otor Technologies has unveiled the R550X autonomous helicopter that it intends to bring to market in 2024. Built on the foundation of the Robinson R44 Raven II, the R550X is the world’s largest uncrewed civilian helicopter, designed for safety-critical cargo, utility, and maritime operations that require a greater payload capacity and range than drones or eVTOLs can provide.
The heavy-lift utility helicopter can support payloads up to 1,200 pounds (550 kilograms), or more than twice the effective payload of the Robinson R44. It has a flight range of about 350 nm (650 kilometers) and a cruise speed of 109 knots (202 kph).
Rotor says it has already received letters of intent from some agricultural customers who want to use the R550X for crop spraying, and the company has begun producing the first two helicopters at its facilities in New Hampshire.
“The R550X is going to bring huge safety and economic benefits to a wide range of helicopter use cases,” said Rotor CEO Hector Xu. “Demonstrating the impact of autonomy in dangerous missions like crop dusting and aerial firefighting is the first step towards our vision for safe and accessible vertical flight.”
The R550X is powered by a Lycoming IO-540 six-cylinder piston engine that runs on 100LL low-lead aviation gasoline, although future iterations could use jet-A or sustainable aviation fuel (SAF), according to Rotor. The company plans to produce another autonomous aircraft based on the Robinson R66, and that will feature a Rolls-Royce RR300 turbine engine.
In November, Rotor announced the completion of a flight test campaign with its experimental R220Y autonomous helicopters, based on the two-seat Robinson R22, which the company modified to replace the traditional pilot interfaces with its advanced automation technology. Rotor is now commercializing its flight automation technology, starting with the R550X.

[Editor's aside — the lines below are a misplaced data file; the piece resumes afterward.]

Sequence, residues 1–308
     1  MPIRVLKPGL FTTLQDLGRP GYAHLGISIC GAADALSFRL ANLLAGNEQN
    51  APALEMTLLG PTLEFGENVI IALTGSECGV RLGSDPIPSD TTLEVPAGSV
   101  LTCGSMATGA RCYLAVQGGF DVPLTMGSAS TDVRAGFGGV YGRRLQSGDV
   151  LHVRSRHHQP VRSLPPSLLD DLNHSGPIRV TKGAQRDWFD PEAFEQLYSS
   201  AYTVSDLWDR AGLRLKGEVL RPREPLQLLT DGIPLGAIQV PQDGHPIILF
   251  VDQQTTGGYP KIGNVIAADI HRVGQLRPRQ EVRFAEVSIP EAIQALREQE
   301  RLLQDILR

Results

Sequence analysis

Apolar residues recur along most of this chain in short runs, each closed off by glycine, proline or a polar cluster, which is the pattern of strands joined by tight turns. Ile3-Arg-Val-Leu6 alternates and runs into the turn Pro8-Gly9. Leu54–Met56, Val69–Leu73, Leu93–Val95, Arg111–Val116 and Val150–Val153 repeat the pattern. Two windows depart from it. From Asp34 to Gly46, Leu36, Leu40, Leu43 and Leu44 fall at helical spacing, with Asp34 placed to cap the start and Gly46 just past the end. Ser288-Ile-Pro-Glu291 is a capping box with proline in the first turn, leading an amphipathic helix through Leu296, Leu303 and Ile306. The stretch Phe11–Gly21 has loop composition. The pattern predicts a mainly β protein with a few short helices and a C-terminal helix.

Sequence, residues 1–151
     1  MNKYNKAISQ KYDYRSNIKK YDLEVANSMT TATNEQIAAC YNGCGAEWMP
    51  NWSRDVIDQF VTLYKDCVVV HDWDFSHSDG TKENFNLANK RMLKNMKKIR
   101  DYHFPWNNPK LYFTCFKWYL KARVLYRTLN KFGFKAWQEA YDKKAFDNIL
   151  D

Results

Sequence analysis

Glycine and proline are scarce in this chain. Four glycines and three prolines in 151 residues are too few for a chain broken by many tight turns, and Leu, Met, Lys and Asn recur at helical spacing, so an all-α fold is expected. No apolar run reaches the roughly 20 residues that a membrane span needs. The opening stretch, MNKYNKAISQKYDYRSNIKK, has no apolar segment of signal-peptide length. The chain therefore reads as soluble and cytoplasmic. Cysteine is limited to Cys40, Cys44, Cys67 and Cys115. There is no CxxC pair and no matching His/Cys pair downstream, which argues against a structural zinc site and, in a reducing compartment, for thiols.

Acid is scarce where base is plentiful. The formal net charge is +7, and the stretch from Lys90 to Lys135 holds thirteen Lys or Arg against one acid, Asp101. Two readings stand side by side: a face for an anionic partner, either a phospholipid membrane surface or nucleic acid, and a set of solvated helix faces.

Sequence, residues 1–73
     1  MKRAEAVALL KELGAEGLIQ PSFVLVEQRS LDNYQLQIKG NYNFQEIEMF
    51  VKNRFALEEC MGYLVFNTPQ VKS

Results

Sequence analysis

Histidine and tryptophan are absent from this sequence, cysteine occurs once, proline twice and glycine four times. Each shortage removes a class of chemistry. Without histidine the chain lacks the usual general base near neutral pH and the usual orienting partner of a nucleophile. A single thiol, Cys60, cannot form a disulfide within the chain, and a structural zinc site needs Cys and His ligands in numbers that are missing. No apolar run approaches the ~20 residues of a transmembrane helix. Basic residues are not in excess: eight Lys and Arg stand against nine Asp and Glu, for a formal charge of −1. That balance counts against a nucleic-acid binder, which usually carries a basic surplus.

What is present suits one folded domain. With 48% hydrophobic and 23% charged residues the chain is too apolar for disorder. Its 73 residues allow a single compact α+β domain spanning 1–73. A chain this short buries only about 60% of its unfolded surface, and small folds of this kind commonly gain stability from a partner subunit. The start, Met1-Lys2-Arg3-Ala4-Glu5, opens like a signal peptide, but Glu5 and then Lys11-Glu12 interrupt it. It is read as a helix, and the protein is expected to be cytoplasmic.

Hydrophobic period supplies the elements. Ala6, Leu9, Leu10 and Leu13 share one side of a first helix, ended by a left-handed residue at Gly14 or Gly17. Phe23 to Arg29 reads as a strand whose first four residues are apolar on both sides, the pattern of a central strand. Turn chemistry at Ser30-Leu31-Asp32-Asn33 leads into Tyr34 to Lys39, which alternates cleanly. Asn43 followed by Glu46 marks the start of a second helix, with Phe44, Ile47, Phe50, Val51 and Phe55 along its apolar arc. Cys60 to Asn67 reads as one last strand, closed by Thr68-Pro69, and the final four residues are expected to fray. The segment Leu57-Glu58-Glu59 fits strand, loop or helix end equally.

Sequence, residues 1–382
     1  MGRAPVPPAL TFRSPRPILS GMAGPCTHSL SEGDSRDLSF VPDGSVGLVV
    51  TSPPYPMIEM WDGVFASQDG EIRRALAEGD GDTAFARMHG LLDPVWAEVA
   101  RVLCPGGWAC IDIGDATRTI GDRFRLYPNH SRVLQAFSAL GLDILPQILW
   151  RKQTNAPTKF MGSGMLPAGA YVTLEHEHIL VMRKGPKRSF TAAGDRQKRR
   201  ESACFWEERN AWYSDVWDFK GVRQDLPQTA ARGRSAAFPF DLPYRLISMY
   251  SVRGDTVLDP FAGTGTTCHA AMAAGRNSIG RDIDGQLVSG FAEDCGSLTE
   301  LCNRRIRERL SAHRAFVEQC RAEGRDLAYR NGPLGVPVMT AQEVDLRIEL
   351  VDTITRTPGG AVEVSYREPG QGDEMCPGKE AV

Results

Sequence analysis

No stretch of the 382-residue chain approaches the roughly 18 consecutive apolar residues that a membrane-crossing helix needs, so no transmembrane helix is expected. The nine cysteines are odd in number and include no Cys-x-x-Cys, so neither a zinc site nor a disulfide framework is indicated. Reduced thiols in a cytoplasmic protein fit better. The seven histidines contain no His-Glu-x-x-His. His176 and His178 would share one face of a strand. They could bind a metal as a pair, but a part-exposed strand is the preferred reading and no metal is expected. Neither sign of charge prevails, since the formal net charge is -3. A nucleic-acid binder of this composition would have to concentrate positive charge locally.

Rotor’s autonomous flight control system uses a suite of sensors and digital fly-by-wire controls to enable safe operations in any instrument meteorological conditions (IMC) and at night. According to Rotor, the flight control software can prevent common causes of helicopter accidents, such as inadvertent entry into IMC, vortex ring state, mast bumping, loss of control, and controlled flight into terrain. Communications between the aircraft and ground controllers utilize a combination of direct radio, LTE/cellular networks, and satellite links.
Rotor Technologies is still working to obtain a supplemental type certificate (STC) from the FAA for the R550X, but it is already making the aircraft available in early 2024 as an experimental-category aircraft in the meantime. Customers receiving those early deliveries will need to obtain a special airworthiness certificate from the FAA to begin operations.
Initially, the R550X will not be approved for flights with people on board, although Rotor says it is also pursuing the certification of future passenger-carrying autonomous helicopters for commercial air taxi operations.
Rotor is not the only company looking to introduce autonomous flight control systems for helicopters, although it could be the first to have an uncrewed helicopter available for commercial use. Skyryse is developing a highly automated flight control system intended to reduce pilot workload. Meanwhile, artificial intelligence specialist Daedalean has been flight-testing its autonomous piloting software systems on helicopters to prepare for eventual uncrewed operations. A handful of other companies, such as Xwing and Reliable Robotics, are developing similar systems for legacy fixed-wing airplanes.